FoodGeneralPlantsWater

After the Rain, Wait Before You Harvest

According to a new research finding published in the journal Applied and Environmental Microbiology, farmers should wait at least 24 hours to harvest, after a rain or irrigation event, to protect consumers from food borne illness.

A growing body of evidences suggests that, there is strong link between foodborne outbreaks and fresh produce. In the United States it is reported that, 46 percent of the foodborne outbreaks between 1998 and 2008 was attributed to fresh produce, which was more than twice that attributed to meat (22 percent).

As a consequence, the safety of fresh produce has come under scrutiny, and is also negatively hitting the produce growers, the food industry and local economies. For example in 2011 in US, there was an outbreak of listeriosis, linked to fresh cantaloupes. This triggered instability in cantaloupe market, as the cantaloupe consumption dropped by 53 percent nationwide. What happens in such situations is that, consumers avoid products associated with outbreaks, even though the outbreaks are due to point source events.

Although, most listeriosis outbreaks associated with fresh produce are traced back to processing environments, it is observed that, even a low-level isolated contamination of produce in production environments can result in the pathogen proliferation, and widespread contamination throughout the supply chain.

Therefore, in order to minimize the pre-harvest contamination, it is essential to understand how spatial factors like proximity to water, roads and temporal factors such as, time since a rain event or irrigation, influences the probability of contamination in produce environments.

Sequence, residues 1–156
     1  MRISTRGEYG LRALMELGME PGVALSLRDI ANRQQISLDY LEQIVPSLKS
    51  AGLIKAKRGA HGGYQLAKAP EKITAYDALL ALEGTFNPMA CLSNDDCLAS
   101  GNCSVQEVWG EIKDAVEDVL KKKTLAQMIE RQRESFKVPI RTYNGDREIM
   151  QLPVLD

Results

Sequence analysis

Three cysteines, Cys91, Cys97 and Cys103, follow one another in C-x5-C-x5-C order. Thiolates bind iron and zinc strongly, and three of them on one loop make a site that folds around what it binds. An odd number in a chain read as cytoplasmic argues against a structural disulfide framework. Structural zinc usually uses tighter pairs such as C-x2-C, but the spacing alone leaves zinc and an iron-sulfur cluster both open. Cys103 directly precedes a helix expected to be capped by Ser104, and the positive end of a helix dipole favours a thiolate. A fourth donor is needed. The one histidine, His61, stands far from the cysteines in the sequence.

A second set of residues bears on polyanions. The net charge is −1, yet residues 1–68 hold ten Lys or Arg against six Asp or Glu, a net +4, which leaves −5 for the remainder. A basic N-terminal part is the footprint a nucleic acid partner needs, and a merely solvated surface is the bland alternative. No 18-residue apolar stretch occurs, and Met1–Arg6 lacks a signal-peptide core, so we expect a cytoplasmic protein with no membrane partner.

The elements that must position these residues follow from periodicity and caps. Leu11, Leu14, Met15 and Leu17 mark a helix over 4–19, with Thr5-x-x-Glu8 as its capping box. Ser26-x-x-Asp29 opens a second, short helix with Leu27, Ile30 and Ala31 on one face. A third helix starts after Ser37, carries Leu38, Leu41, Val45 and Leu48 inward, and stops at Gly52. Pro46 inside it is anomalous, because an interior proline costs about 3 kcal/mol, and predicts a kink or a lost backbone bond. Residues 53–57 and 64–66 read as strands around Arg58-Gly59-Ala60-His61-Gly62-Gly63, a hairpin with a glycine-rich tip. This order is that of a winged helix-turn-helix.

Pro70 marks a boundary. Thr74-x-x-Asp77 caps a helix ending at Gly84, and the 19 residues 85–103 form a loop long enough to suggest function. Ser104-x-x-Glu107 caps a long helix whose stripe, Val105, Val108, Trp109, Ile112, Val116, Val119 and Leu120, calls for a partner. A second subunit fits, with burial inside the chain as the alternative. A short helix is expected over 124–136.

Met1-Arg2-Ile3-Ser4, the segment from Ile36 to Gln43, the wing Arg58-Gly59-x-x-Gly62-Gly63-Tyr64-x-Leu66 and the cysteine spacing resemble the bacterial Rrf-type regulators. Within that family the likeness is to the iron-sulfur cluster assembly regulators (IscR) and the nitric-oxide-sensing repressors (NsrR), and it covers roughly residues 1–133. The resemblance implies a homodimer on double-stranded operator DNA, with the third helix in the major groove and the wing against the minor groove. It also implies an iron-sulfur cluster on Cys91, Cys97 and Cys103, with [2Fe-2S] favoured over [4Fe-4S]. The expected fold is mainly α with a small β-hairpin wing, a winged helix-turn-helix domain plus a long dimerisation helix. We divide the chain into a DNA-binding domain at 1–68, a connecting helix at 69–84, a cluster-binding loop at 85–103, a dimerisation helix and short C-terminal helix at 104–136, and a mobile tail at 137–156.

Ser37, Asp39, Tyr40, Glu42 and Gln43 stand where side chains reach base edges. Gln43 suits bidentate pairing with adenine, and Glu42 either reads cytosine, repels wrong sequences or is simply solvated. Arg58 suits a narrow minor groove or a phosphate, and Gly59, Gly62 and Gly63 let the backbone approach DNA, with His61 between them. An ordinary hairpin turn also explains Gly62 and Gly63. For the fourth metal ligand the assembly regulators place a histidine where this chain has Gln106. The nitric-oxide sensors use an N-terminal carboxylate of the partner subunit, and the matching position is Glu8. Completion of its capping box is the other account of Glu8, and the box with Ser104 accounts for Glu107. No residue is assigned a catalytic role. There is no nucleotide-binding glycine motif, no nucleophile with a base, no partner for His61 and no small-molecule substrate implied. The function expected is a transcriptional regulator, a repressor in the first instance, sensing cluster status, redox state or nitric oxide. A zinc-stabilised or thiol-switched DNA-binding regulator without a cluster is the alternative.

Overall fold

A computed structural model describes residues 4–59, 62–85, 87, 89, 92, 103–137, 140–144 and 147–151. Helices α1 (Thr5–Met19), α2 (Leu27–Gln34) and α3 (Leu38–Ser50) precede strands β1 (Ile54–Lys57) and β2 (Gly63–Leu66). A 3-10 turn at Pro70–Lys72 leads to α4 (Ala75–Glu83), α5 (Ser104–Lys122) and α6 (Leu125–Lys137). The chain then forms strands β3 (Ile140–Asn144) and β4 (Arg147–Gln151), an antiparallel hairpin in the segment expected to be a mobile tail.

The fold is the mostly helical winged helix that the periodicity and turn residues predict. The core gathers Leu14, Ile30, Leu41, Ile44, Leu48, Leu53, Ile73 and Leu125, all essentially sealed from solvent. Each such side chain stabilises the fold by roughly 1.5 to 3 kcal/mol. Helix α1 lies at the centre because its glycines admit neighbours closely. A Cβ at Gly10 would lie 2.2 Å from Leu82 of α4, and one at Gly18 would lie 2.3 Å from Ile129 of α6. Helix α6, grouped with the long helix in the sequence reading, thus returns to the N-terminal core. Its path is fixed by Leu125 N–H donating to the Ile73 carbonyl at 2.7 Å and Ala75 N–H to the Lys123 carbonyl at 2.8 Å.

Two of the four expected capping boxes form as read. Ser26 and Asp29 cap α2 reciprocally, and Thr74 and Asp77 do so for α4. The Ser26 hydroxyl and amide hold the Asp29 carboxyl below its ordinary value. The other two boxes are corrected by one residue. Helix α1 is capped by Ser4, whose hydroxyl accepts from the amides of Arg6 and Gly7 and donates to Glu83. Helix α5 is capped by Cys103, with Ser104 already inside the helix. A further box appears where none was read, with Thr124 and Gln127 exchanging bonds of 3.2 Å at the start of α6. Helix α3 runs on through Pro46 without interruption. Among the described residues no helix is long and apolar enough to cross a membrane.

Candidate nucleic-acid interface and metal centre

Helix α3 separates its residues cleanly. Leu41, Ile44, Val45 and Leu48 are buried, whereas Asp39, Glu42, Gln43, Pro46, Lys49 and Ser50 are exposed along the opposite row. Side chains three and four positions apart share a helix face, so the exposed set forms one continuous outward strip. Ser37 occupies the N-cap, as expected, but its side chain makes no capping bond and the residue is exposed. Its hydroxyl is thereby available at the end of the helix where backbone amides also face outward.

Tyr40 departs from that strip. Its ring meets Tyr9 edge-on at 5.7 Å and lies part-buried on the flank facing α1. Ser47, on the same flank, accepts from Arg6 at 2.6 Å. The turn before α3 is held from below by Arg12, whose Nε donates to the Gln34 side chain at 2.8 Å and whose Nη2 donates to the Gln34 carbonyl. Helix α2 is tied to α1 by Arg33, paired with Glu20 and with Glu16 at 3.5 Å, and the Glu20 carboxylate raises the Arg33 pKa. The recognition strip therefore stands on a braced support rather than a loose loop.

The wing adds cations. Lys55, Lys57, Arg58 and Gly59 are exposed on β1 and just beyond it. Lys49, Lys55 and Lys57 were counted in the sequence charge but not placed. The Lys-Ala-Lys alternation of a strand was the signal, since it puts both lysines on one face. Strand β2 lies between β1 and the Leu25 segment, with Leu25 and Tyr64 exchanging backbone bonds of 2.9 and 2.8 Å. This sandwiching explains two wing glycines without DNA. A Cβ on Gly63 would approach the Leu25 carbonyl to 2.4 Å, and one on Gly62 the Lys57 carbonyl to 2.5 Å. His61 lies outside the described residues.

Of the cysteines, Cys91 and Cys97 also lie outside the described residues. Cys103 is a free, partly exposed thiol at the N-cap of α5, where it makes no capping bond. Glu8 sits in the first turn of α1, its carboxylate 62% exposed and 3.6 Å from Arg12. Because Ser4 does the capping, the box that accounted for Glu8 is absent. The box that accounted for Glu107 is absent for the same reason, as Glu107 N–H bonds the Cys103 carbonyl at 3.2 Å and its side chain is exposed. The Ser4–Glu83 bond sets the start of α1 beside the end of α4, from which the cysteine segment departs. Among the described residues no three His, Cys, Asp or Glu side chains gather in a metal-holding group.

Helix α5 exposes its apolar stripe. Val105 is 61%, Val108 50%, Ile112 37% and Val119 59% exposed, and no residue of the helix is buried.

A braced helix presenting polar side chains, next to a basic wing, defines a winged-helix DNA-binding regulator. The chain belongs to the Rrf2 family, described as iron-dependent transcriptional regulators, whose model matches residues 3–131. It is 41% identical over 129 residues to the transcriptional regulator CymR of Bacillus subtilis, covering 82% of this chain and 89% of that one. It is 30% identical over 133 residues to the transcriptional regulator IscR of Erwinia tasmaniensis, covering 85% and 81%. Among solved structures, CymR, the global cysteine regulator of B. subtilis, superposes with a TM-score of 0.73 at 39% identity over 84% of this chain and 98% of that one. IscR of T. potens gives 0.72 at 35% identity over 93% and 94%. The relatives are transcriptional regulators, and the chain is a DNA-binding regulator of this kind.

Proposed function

Rain and irrigation events have long been associated with an increased prevalence of foodborne pathogens in produce production environments. Thus this study aimed to investigate this association between rain/irrigation events and foodborne pathogen prevalence.

Dr. Laura K. Strawn, from Virginia Polytechnic University

In addition to quantifying the effects of various spatial and temporal factors, researchers tried to determine the impact of rain and irrigation events on Listeria species and L. monocytogenes diversity in spinach fields, with an ultimate objective to identify potential mitigation strategies that can reduce the risk of produce contamination at the pre-harvest level.

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Two spinach fields were sampled 24, 48, 72 and 144-196 hours after irrigation and rain events. Out of the two fields one had a higher expected risk (a function of the field’s proximity to water and roads) for L. monocytogenes isolation. In total, 1492 samples comprising of water, leaf and fecal matter were collected for the analysis.

Researchers testing fields at various locations throughout New York found that after rain or irrigation events, the chances of finding Listeria were 25 times greater. But once the field dries out for atleast 24 hours, the chances of detecting Listeria drops dramatically, to levels similar to baseline.